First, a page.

Cal OES’s limited oversight of the enhanced salary rates claimed by local fire agencies and weaknesses in the reimbursement process under the fire agreement enabled the district to claim excessive reimbursements. For instance, although we recommended in 2012 that the California Emergency Management Agency—which the State later renamed Cal OES—analyze the accuracy of the rates that local fire agencies reported on their salary forms and audit a sample of invoices each year, it has completed only eight such audits over the past seven years. Cal OES is working to reinstate these audits and, as of June 2019, was negotiating an agreement with the State Controller’s Office to perform them. Additionally, the current fire agreement does not require local fire agencies to submit documentation to support the enhanced salary rates they claim. Revising the fire agreement to require each local fire agency to submit documents demonstrating that its governing body approved its salary rates and supporting how the fire agency calculated the rates would allow Cal OES to determine whether the rates were reasonable. The California Fire Assistance Agreement Committee (Agreement Committee) is currently renegotiating a new fire agreement that Cal OES expects to become effective in January 2020.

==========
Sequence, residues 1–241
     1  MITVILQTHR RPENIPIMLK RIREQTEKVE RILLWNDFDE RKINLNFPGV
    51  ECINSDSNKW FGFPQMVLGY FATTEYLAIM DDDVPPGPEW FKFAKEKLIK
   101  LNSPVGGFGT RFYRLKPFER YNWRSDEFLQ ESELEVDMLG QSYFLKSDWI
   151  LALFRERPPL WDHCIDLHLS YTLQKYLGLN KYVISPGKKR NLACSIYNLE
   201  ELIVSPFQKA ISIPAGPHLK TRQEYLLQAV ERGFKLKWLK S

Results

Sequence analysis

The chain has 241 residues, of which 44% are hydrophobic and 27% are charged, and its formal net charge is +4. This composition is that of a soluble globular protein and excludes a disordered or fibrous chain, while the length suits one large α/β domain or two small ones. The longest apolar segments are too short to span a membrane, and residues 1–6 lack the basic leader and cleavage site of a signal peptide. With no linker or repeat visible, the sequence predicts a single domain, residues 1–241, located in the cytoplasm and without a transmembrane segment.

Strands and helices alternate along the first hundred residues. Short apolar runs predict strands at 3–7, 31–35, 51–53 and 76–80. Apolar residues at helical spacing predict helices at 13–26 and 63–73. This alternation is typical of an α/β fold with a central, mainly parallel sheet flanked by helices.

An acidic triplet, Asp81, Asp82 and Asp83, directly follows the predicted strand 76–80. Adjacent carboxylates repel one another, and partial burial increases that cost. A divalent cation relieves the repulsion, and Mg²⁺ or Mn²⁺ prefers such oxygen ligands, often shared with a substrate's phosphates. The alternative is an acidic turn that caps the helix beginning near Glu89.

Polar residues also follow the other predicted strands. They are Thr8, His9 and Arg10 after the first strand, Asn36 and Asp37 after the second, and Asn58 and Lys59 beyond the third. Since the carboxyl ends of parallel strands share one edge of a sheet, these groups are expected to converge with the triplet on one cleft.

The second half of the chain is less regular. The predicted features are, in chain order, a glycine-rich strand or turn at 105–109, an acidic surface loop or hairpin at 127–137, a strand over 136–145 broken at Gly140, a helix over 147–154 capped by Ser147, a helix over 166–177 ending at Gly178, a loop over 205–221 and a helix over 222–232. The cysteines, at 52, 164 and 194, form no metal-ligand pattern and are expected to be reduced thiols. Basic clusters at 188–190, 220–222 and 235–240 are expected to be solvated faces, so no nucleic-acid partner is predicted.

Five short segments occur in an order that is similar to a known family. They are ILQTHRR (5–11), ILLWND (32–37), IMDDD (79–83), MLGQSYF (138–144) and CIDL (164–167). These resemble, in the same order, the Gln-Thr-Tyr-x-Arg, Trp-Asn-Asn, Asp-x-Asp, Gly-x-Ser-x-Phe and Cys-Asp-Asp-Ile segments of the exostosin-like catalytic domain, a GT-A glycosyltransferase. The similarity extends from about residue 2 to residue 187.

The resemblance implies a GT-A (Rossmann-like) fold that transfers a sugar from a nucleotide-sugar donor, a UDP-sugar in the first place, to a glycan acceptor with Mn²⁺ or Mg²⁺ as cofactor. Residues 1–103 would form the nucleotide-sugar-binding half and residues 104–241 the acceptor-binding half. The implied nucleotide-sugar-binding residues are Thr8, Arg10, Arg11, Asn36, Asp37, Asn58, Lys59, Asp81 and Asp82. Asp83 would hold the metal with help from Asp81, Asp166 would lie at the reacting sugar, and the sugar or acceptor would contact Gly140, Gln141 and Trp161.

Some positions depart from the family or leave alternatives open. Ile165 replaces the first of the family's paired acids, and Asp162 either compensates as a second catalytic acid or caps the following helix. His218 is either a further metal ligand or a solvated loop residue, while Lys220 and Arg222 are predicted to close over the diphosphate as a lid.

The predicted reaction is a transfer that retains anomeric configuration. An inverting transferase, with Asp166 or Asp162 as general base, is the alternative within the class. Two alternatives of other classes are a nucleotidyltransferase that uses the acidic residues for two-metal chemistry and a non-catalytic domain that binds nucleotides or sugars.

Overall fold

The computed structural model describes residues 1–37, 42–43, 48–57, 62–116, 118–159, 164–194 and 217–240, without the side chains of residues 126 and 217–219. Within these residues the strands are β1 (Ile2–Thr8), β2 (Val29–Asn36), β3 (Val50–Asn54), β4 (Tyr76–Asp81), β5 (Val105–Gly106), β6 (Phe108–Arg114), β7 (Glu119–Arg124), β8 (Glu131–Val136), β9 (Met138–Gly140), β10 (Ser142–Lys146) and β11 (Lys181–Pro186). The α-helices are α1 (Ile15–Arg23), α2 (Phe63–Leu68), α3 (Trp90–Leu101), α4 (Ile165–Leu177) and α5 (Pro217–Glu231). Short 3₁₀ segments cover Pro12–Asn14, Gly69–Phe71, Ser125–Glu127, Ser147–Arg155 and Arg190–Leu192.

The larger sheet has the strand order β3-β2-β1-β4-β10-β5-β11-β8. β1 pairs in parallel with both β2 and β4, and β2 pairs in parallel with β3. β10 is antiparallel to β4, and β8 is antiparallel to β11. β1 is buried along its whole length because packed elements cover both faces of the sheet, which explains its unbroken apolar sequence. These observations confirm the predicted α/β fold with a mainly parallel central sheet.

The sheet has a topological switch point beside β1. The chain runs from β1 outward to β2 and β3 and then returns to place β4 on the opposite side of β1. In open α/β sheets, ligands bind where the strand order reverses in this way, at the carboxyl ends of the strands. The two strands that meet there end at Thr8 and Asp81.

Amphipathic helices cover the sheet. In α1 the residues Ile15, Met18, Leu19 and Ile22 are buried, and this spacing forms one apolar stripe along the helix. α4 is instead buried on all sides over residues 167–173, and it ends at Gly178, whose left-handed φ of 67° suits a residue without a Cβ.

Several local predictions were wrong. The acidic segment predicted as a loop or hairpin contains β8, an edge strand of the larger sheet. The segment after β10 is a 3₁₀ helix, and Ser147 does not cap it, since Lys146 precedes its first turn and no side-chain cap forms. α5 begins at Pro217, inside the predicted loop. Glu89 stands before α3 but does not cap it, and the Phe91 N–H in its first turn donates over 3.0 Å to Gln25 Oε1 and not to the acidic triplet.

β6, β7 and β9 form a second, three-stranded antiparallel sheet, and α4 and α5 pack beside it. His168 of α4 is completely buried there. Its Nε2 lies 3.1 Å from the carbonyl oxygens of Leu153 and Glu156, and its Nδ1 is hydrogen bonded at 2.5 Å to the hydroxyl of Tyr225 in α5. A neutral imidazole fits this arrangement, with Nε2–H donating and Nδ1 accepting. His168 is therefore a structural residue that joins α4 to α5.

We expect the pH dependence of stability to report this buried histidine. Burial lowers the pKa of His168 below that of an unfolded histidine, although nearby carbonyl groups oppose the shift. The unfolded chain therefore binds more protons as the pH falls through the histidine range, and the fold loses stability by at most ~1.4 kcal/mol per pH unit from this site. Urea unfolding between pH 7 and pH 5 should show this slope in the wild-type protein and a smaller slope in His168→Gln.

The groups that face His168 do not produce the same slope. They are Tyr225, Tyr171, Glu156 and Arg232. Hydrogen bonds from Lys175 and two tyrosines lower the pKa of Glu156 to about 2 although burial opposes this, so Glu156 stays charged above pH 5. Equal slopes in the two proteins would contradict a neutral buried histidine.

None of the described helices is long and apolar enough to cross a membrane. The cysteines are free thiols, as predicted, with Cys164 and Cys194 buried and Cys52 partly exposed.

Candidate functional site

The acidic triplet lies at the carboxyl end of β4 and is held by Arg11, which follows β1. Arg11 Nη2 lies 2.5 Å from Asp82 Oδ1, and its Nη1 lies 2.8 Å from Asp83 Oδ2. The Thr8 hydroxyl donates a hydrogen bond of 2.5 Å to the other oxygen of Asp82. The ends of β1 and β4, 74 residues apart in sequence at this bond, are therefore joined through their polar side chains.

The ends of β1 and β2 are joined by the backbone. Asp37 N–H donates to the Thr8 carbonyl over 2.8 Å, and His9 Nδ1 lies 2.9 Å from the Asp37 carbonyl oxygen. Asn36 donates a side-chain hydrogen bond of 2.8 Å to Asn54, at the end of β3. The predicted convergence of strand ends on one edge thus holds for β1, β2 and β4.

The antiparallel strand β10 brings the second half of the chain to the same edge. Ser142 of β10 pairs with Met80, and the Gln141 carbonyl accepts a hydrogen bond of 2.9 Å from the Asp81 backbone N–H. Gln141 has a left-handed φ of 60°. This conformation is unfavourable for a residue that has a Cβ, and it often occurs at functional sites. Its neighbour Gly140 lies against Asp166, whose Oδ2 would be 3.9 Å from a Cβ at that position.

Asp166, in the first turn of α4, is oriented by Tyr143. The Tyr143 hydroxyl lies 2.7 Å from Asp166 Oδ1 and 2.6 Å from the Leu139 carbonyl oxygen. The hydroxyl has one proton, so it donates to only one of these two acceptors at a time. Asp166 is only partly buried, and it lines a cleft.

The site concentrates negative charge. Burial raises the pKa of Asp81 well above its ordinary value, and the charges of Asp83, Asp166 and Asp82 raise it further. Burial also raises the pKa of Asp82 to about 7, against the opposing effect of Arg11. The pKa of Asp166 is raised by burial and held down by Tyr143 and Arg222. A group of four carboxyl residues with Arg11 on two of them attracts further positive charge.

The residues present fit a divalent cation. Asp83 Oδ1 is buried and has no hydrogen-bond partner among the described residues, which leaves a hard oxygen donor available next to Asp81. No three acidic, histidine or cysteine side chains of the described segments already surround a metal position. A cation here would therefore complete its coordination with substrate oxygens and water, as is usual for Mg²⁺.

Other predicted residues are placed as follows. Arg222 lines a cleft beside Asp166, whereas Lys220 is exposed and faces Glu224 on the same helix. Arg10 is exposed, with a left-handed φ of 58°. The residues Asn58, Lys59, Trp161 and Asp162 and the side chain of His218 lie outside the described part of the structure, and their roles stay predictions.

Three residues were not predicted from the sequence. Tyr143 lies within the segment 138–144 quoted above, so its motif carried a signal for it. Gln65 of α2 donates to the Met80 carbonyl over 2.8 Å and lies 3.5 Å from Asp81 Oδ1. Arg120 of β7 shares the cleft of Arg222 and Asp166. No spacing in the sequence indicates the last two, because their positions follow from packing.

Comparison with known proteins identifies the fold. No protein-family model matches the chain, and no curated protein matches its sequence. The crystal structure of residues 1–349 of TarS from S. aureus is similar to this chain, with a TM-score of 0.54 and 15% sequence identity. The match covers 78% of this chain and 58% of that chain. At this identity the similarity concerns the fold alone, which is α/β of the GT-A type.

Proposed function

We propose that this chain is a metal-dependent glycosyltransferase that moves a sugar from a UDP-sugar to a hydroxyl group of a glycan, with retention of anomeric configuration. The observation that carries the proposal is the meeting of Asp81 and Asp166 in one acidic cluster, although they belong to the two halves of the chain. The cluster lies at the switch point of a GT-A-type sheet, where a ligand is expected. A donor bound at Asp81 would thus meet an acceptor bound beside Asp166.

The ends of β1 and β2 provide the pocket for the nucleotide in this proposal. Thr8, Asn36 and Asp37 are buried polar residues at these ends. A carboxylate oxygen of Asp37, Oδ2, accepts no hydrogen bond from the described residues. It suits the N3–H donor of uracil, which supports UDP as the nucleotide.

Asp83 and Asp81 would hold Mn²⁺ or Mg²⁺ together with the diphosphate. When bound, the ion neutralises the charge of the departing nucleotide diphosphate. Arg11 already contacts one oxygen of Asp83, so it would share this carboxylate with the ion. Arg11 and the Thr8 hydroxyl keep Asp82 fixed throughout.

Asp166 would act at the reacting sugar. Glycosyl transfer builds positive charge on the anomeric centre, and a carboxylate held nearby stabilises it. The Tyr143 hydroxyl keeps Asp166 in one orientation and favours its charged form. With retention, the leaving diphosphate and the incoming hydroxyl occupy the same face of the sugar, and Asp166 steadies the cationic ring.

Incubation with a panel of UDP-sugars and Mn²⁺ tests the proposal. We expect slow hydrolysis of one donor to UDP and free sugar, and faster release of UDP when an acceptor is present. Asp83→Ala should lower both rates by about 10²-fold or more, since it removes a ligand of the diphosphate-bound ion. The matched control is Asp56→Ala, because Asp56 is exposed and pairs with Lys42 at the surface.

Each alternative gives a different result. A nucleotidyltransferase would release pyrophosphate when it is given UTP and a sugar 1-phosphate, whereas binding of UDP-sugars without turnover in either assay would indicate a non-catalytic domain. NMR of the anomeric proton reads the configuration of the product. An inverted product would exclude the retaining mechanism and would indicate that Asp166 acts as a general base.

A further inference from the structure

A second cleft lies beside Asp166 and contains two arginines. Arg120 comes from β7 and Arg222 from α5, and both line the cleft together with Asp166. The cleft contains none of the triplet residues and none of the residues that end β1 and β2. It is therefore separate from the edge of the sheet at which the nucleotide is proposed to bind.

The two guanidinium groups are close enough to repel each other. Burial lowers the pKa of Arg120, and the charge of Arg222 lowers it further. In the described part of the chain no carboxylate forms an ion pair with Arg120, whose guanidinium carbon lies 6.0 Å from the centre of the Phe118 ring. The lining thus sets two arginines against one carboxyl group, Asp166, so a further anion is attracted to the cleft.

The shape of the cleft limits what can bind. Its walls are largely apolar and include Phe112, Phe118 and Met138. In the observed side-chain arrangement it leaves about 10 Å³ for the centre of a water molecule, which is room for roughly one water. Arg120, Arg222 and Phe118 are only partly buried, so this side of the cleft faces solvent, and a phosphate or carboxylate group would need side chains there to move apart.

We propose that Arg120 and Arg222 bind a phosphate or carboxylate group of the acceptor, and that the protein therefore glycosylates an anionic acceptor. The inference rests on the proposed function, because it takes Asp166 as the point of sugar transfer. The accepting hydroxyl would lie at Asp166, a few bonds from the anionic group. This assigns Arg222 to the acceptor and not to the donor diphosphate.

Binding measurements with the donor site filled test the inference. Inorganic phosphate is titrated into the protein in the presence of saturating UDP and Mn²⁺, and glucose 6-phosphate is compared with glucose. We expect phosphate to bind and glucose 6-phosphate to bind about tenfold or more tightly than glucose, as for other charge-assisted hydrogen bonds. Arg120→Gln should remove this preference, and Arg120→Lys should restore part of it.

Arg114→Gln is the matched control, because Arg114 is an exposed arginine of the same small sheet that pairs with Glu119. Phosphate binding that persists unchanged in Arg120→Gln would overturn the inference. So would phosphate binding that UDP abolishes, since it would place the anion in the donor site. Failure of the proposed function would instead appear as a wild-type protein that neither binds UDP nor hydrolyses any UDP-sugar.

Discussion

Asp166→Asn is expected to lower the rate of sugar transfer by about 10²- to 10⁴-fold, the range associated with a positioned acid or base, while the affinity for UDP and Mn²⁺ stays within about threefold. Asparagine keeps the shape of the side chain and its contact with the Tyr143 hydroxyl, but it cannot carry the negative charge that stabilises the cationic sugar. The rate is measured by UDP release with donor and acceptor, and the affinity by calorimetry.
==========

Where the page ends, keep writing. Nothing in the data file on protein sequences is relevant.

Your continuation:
In addition to its financial problems, the district faces a governance challenge because of its small electorate. Specifically, it has had difficulty attracting candidates to run for its five‑member board because of the eligibility requirements that define which community members can vote on district matters or serve on the board. Only people who are domiciled—have their primary, fixed residence—in the district are eligible to register to vote and to sit on the board. Many community members live in the district for only part of the year because it is a seasonal community. Consequently, as of January 2019, the district had 62 registered voters, and only 17 of them provided mailing addresses in South Lake Tahoe. The other 45 voters, including all five of the district’s current board members, registered with mailing addresses outside the area—an indication that these community members may actually be domiciled outside of the district and therefore be ineligible to register to vote in the district or serve on the board. The district has not had a contested election for a board seat since August 2010, and since January 2010, it has had seven different vacancies on its board.